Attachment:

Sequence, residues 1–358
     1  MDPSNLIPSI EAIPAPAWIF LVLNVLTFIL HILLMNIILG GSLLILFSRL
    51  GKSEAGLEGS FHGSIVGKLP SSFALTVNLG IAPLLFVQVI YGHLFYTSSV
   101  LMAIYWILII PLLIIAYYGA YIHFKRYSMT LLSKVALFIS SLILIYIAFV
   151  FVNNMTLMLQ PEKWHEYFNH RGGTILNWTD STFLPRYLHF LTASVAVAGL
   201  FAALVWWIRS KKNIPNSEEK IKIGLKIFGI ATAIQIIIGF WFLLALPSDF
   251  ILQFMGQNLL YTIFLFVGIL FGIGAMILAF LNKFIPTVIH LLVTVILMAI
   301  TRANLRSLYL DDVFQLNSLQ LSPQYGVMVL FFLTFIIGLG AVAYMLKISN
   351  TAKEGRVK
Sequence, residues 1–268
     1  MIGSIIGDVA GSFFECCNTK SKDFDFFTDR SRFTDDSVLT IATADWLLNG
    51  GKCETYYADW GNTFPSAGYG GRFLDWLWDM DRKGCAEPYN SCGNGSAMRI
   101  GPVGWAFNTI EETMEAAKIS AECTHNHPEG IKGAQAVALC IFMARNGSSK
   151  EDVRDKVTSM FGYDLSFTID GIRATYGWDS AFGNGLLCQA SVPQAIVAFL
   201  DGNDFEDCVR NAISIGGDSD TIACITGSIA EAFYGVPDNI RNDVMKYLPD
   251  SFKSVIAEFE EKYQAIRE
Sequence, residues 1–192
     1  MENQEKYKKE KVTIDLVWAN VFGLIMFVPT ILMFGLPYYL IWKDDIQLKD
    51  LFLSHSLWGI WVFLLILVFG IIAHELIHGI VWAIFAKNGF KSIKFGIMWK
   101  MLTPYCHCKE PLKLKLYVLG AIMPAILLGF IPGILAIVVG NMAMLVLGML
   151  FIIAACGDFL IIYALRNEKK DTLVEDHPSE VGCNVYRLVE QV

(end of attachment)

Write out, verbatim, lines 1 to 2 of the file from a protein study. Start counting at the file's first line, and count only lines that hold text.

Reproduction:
Sequence, residues 1–358
     1  MDPSNLIPSI EAIPAPAWIF LVLNVLTFIL HILLMNIILG GSLLILFSRL